Thanks to technological change, life expectancies everywhere are rising. John Kay this that this is wonderful -a demographic change to be welcomed rather than feared.
Achieving these extended lifespans costs money. Not necessarily much, because healthy lifestyle is a more important contributor to longevity than medical treatment. But we all die, either from the remaining diseases we have not yet learnt to cure, or the accumulated effects of old age itself. So medical and care costs will inevitably be an increasing fraction of national income. But this is money the public really wants to spend. It resists attempts to control the grotesque costs of private US healthcare. “More for the National Health Service” is always the British electorate’s top spending priority. ….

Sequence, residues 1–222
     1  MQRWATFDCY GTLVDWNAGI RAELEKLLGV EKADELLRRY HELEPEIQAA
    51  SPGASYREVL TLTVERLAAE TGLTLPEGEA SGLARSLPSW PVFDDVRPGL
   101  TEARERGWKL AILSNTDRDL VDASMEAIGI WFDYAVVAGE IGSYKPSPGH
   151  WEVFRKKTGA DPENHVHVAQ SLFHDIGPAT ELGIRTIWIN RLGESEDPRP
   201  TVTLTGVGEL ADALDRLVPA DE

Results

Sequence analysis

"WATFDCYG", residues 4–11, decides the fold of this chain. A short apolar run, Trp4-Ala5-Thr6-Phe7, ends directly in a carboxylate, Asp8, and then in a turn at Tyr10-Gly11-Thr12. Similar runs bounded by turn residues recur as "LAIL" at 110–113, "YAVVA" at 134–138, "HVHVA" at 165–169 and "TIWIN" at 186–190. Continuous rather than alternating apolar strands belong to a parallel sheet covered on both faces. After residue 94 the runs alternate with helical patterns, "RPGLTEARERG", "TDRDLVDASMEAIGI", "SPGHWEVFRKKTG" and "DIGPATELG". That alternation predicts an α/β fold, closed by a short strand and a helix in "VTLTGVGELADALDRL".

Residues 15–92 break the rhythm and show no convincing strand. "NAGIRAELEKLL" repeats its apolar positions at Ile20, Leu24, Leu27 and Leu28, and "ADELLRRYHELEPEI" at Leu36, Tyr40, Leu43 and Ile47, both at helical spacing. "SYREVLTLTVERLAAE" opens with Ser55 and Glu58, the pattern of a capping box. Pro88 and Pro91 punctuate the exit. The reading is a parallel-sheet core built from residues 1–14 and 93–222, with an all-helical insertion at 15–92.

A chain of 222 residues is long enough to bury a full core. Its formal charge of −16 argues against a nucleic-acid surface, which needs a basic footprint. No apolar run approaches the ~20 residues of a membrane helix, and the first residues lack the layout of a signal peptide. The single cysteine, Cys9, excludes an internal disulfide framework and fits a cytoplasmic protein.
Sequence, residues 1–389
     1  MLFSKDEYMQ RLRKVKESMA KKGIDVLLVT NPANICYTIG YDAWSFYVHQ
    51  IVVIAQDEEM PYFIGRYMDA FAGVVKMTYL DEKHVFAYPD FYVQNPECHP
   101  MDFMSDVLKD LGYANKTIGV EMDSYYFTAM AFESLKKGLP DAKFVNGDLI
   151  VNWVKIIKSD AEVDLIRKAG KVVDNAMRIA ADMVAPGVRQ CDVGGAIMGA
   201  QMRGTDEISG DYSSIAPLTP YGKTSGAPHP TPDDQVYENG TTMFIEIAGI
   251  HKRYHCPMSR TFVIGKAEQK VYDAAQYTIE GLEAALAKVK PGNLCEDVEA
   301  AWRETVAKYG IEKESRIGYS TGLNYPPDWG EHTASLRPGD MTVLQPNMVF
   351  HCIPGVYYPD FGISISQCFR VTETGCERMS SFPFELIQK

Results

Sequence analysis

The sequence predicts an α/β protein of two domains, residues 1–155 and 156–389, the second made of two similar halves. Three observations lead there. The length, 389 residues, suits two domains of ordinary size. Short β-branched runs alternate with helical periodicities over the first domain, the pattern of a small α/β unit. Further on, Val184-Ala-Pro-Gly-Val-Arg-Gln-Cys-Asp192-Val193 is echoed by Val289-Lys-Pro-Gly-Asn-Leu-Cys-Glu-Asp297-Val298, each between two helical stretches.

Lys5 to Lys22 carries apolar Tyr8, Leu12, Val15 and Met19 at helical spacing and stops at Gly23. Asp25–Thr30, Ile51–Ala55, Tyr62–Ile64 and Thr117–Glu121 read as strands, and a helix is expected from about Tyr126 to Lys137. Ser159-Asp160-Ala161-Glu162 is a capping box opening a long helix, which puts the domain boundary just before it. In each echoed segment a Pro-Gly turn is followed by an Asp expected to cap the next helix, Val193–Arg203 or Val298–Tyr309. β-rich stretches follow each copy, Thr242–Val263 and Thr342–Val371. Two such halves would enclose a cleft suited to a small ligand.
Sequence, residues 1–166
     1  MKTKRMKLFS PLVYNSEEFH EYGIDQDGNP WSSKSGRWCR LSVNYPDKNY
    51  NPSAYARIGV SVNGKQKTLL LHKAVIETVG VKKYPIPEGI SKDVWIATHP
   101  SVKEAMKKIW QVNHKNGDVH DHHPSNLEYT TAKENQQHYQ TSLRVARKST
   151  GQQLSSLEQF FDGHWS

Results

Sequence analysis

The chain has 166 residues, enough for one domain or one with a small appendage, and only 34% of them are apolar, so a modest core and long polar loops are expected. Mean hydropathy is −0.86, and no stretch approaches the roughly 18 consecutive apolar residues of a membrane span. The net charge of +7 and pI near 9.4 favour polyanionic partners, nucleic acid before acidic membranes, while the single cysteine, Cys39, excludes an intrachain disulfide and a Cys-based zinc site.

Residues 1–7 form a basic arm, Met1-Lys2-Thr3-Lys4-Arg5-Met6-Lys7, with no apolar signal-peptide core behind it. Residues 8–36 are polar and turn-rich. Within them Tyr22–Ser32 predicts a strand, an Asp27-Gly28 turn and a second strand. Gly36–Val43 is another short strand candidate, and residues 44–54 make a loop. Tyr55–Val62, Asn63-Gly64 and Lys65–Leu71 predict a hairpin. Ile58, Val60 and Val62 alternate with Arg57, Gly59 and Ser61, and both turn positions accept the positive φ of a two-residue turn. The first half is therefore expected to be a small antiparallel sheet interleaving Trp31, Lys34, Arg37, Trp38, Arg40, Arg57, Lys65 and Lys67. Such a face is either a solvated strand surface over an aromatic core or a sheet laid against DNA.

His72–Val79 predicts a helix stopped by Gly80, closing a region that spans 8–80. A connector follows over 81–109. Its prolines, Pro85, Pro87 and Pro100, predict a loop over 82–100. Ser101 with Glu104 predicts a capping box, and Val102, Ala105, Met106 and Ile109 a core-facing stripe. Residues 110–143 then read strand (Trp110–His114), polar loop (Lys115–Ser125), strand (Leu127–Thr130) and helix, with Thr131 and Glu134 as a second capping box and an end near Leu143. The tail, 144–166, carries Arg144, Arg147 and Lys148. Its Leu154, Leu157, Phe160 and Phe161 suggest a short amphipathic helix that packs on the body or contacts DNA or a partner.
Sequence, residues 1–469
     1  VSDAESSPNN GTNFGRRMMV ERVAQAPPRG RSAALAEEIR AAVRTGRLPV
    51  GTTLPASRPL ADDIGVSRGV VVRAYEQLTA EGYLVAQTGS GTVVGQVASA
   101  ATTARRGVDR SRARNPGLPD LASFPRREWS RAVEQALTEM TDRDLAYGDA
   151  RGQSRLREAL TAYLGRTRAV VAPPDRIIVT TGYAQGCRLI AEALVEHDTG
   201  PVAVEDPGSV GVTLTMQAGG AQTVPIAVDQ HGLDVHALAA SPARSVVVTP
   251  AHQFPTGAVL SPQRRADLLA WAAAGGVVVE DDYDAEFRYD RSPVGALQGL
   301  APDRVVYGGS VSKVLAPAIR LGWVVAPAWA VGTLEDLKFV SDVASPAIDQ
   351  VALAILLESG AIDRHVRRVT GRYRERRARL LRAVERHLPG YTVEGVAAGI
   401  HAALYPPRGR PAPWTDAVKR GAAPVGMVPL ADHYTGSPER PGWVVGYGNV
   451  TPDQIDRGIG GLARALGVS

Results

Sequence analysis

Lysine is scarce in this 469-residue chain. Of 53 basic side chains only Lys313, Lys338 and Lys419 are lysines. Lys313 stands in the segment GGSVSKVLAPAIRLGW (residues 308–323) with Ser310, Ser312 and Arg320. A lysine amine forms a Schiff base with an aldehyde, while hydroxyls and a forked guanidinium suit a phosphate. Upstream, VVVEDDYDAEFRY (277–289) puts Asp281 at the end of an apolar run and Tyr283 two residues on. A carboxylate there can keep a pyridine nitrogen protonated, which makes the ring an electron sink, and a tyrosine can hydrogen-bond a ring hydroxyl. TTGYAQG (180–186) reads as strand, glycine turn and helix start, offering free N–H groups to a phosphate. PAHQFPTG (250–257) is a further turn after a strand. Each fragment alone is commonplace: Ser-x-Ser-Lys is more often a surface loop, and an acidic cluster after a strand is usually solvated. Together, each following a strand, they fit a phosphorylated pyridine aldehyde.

Gloomy prognostications, sometimes of population explosion, then of secular stagnation, have repeatedly been falsified. But one certainty is that all the issues of concern result from developments that give us more choices – the choice between higher material living standard and more leisure, the indulgence of spending more looking after ourselves, and the opportunity for women to have careers as well as, or along with, family lives.
What is not to like about these developments? Why should we care about lower gross domestic product per capita, or higher public spending as a share of national income if it is the consequence of things that make us better off?
John Kay, “Economic growth allows us to choose longer lives – surely that’s a good thing?”, Financial Times, 15 October 2014 (ungated link).